# Is there violation of energy conservation when a particle transforms to its anti-particle, for example $B^0\to\bar{B}^0$, or $K^0\to\bar{K}^0$

additive information : $$B^0$$ and $$\bar{B}^0$$ don't have the same mass, $$K^0$$ and $$\bar{K}^0$$ don't have the same mass. is there energy violation? if yes, is the key explanation of this coming from the relationship $$\Delta E*\Delta t \sim \hbar$$ :that is it authorized to have energy conservation if this is during a small duration?

• They do have the same mass (or expectation value of the mass, since they are not quite energy eigenstates). This is guaranteed by CPT. – Buzz May 8 at 16:25
• Are you sure ? For example : en.wikipedia.org/wiki/B_meson This shows that there is Delta m_d between B0 and B0bar, so there is a difference of mass, so they don't have the same mass. But I'm not sure. Maybe Delta m_d is actually the mass difference between B_L and B_H ?!? Do you mean that B0 and B0 have exactly the same mass ? – Mathieu Krisztian May 8 at 19:16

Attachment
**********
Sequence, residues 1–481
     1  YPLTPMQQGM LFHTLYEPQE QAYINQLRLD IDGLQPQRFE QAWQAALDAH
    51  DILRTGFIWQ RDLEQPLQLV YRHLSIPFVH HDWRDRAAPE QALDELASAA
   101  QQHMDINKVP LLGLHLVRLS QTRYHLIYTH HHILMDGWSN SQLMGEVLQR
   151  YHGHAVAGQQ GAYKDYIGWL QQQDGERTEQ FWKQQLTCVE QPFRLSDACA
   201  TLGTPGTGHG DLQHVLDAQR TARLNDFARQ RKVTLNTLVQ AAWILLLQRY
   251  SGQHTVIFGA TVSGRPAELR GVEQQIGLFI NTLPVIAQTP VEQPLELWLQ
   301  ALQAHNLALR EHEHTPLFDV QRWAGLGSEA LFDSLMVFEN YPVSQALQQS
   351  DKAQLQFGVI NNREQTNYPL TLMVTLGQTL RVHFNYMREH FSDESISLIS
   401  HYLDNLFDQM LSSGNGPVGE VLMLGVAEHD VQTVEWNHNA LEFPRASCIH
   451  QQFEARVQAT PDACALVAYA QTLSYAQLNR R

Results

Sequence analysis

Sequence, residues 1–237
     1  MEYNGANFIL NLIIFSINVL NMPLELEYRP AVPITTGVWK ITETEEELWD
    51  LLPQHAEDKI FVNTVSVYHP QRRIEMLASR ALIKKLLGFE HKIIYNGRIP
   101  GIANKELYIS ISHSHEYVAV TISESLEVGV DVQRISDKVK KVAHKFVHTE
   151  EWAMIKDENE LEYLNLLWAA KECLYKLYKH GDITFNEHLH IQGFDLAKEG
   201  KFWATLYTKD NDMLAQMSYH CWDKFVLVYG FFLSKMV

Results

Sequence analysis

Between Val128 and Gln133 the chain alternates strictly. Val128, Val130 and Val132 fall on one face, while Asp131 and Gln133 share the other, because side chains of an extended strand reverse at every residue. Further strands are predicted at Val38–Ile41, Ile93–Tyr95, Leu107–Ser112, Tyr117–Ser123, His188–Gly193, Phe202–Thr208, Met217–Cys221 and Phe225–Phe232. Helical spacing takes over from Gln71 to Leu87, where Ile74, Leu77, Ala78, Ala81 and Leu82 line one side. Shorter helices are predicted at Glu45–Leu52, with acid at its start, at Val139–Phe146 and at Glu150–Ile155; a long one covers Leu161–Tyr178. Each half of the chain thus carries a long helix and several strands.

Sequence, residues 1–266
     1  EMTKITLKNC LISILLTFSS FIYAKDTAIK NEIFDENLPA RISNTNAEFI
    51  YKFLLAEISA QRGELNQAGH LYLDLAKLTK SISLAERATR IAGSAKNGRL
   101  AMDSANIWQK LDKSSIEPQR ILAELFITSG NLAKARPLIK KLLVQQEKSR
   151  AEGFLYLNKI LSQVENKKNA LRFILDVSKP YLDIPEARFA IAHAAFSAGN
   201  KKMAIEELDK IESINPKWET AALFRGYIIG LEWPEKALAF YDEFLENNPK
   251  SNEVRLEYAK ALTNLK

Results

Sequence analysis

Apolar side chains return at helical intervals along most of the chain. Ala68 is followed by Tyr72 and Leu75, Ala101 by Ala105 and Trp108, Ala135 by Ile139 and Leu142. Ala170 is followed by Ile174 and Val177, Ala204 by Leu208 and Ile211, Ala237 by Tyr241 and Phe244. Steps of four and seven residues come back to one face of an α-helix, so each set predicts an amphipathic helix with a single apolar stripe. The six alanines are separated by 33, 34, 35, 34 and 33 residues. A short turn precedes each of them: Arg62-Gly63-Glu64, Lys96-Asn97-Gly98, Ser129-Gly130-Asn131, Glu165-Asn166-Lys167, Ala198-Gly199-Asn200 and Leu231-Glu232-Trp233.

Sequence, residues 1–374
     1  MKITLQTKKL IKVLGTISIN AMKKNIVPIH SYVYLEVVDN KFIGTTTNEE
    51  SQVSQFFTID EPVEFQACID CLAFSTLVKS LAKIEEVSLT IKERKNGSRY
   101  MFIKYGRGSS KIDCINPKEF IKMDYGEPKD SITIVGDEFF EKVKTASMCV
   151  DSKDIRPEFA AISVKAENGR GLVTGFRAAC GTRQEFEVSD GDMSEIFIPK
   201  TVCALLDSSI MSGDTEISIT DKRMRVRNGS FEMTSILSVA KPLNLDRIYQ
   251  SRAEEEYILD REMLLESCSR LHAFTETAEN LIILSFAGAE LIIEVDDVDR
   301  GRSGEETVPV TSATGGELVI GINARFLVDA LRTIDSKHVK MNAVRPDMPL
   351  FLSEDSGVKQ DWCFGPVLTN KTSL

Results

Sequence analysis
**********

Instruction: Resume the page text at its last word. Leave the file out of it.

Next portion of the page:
• The mass difference are between the weak eigenstates. Ignoring the small CP violation, the mass eigenstates are symmetric and antisymmetric linear combinations of particle and antiparticle states, like K_S and K_L. – Buzz May 8 at 20:06
• @Buzz That seems like an answer, not a comment. – rob May 8 at 20:12
• all right. Thank you very much for your kind explanations. So the problem is solved : my question is wrong. – Mathieu Krisztian May 8 at 20:36

## 1 Answer

Actually, the flavor eigenstates (such as $$K^{0}$$ and $$\bar{K}^{0}$$, which are eigenstates of strangeness and isospin) do have the same mass. This is actually guaranteed by CPT invariance. (More precisely, they have the equal expectation values for their the masses, since they are not quite energy eigenstates.)

The actual mass eigenstates are the weak eigenstates. Ignoring the small CP violation, these mass eigenstates are symmetric and antisymmetric linear combinations of particle and antiparticle states, $$K_{S}$$ and $$K_{L}$$, which are approximately $$\frac{1}{\sqrt{2}}\left(\left|K^{0}\right\rangle\pm\left|\bar{K}^{0}\right\rangle\right)$$.